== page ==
First Impressions of “Patriot”

First Impressions of “Patriot”

At the end of “Jerry McGuire,” after an impassioned speech begging for forgiveness, apologising for succumbing to hubris and renewed commitment for love, the eponymous character played by Tom Cruise stands and waits for a response from Renée Zellweger’s . Dorothy Boyd. It’s one of the classic pieces of dialogue in perhaps the last twenty years; “you had me at ‘Hello’.” Watching the latest Amazon Original Comedy Series “Patriot” from Steven Conrad (“The Secret Life of Walter Mitty”, “The Weather Man”), which is also produced by Glenn Ficarra and John Requa (“Crazy Stupid Love”, “Focus” and “Bad Santa”) I expereienced not one but two ‘had me at’ moments. 

Tom Tavner (Terry O’Quinn - “Lost”), John's State Department Director of Intelligence father, is trying to get his operative son John (Australian newcomer Michael Dorman “Wonderland”) a new assignment BUT he confesses that he’s a little worried about his state of mind. He sites a mission that went sour and that his son has an outlet as a folk singer, whose very truthful lyrics are proving to be problematic if audiences hear them. Cue a cut to our downtrodden leading man on a park bench in exile in Amsterdam, singing a melancholy folk song, whose lyrics specifically outline every failure of the previous mission. “Patriot,” had me at this tune. The other is John’s reaction to potentially failing a job interview that he must secure to get the job.  

With a central family trio of a father in an influential position in the State Department, a son as an operative and John's older brother Edward Tavner (Michael Chernus - “Orange is the New Black”), a young Texas congressman this nepotistic power-broking family shares a lot of influence. 

John feels like the person with the capability to execute the job well, who has been thrown into situation after situation that has diminished his resolve. He lives that Han Solo moment in “Empire” where he attempts to use the hyper drive and when it fails miserably he can barely do anything except implore the crew around him that it’s not his fault. Throwing job competitors in front of traffic, soliciting urine samples from fellow staff members with the truth of his undercover profession and then giving them a minor stab wound when they attempt to ‘help’ you with a mission.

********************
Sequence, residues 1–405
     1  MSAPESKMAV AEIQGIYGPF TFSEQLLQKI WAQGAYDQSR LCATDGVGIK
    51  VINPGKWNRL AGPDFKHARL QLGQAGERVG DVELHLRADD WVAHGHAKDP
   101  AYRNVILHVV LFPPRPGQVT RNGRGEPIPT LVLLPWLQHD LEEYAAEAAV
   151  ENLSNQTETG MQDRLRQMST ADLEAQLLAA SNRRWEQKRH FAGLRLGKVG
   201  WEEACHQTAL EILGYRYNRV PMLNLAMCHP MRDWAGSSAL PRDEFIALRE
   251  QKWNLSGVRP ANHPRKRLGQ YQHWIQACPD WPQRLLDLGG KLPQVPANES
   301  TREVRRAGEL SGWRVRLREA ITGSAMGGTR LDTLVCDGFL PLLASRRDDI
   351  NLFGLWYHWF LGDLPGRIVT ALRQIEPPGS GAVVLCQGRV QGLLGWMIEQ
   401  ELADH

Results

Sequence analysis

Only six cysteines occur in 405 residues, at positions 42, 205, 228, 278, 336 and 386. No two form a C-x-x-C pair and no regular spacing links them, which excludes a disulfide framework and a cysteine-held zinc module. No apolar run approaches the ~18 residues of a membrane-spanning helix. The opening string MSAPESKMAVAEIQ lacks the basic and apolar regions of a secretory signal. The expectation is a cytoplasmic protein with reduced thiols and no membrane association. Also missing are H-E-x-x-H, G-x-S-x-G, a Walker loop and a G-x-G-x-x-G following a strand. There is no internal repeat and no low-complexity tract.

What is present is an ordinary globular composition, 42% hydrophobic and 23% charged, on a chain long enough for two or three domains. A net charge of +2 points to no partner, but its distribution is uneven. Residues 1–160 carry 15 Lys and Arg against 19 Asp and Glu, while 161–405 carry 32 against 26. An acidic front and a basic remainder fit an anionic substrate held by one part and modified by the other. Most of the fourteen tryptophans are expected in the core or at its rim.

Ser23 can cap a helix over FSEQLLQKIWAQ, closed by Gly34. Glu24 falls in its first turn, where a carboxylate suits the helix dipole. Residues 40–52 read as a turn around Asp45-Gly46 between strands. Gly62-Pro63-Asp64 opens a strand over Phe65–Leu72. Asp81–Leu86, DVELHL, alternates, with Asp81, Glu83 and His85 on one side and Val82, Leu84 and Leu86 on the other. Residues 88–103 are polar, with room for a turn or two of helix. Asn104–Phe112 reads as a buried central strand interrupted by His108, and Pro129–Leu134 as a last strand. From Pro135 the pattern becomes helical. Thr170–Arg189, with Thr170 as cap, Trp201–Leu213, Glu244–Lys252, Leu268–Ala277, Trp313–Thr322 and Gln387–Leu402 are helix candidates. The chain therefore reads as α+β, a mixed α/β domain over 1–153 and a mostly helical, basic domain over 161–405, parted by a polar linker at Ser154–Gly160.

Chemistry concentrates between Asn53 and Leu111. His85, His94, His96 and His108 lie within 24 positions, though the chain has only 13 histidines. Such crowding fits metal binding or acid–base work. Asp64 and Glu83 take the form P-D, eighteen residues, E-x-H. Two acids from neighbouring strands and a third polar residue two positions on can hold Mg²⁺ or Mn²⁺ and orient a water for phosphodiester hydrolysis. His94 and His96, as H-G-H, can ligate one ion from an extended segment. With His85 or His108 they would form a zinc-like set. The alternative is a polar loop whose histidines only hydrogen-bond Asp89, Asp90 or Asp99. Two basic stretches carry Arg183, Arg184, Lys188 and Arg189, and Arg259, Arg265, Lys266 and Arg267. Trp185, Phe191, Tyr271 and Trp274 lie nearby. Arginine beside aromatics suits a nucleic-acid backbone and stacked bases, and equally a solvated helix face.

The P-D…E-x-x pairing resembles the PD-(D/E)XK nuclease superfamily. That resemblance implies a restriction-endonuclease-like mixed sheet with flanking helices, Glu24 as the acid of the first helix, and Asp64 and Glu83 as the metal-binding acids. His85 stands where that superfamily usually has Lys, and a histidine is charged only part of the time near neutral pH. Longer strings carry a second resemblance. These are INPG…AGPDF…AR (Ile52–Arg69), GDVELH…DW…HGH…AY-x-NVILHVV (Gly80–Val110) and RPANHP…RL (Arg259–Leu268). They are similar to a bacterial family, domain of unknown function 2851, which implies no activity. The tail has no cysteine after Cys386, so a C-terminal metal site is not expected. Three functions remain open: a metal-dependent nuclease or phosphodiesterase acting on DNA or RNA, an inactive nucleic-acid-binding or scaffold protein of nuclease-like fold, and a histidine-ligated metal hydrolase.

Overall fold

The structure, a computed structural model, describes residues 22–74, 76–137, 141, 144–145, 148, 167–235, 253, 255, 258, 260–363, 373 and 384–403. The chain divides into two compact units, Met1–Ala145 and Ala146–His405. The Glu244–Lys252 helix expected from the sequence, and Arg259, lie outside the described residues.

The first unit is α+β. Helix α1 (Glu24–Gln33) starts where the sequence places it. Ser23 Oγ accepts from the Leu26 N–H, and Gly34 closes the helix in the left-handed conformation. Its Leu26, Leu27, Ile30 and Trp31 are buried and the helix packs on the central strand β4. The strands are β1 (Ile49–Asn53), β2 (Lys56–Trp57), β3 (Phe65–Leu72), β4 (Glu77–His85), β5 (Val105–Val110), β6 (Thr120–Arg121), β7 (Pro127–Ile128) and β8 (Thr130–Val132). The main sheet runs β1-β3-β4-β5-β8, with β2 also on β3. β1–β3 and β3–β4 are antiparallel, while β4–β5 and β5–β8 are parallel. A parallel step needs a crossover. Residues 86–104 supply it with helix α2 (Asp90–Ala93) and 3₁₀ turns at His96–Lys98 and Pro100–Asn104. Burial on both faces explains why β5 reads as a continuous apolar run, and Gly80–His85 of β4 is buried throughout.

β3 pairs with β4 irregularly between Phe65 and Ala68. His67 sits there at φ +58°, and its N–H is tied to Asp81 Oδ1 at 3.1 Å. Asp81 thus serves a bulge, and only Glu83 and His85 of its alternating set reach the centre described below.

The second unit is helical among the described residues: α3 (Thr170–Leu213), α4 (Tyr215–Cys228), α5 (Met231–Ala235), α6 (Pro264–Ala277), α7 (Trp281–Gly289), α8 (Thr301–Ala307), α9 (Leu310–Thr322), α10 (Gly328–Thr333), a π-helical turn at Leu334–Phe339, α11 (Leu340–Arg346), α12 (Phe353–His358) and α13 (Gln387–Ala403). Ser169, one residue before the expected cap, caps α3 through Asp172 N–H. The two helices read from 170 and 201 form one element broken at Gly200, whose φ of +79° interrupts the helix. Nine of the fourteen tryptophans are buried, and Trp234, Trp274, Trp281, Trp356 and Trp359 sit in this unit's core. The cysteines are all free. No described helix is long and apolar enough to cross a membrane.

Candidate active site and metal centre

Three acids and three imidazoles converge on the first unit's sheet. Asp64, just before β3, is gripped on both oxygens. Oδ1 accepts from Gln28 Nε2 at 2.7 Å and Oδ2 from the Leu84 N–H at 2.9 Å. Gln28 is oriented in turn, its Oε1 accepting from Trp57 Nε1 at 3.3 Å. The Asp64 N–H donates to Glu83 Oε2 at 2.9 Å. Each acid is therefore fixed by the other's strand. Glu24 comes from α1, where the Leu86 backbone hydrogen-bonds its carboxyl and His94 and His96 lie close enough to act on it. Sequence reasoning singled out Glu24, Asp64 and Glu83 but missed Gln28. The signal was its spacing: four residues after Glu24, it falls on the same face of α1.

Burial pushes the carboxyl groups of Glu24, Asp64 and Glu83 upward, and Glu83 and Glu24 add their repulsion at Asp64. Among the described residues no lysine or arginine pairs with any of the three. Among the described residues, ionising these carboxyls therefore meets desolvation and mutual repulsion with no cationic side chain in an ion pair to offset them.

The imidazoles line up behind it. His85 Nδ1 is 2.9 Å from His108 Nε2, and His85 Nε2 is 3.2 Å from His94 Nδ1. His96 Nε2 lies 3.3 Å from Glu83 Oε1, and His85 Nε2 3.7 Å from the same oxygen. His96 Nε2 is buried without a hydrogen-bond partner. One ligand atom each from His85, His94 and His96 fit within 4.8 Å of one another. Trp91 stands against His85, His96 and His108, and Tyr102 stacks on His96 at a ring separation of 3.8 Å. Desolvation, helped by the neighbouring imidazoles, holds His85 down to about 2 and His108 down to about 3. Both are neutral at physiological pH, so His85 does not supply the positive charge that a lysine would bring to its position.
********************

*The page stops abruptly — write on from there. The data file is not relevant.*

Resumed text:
In order for the audience to stay with this satirical farce Conrad hinges the story’s already thin level of plausibility on the father. The great thing about Tom is that for the entire episode he feels like he knows what’s best, and how to correct the issue but he continues to place his son(s) into varying situations that look they’re about to cause an international incident. 


Edward Tavner (Chernus) is such a fantastic foil to the seriousness of the situation. Every time that it makes sense for his father to send someone in to help clean-up whatever mess HIS operative son has gotten into, you are desperate FOR the clean up crew from “John Wick” or a fixer like George Clooney’s “Michael Clayton”; instead his bumbling senator brother is there to lend a ’it’s going to be all right.’ In the first episode alone, we see that a child he’s caring for as part of a charitable mentoring program gets dropped to his grandmothers place, told about “Mary Poppins” and then when granny takes a nap he makes his way to the roof with an umbrella. 

“Patriot” feels like a close relation to the dark hilarity of the Coen Brothers. It takes the narrative agency of “Fargo,” the outrageousness of “Burn After Reading” and the musical interludes of “Inside Llewyn Davis.” It’s messy, blundering American espionage and foreign manipulation that makes you laugh, instead of the kind we’re witnessing in the news day to day. It’s one that makes me want to find a spot in an already stacked rotation of content. 

Full series review coming at the conclusion of the series. 

Patriot premiered on Amazon Prime Video on May 5, 2017. Customers who are not already Amazon Prime Video members can sign up for a free 7-day trial at

Blake Howard is a writer, a podcaster, the editor-in-chief & co-founder of Australian film blog Graffiti With Punctuation. Beginning his criticism APPRENTICESHIP as co-host of That Movie Show 2UE, Blake is now a member of the prestigious Online Film Critic Society, sways the Tomato Meter with Rotten Tomatoes approved reviews. See his articulated words and shrieks (mostly) here at and with & 2SER Sydney weekly on Gaggle of Geeks.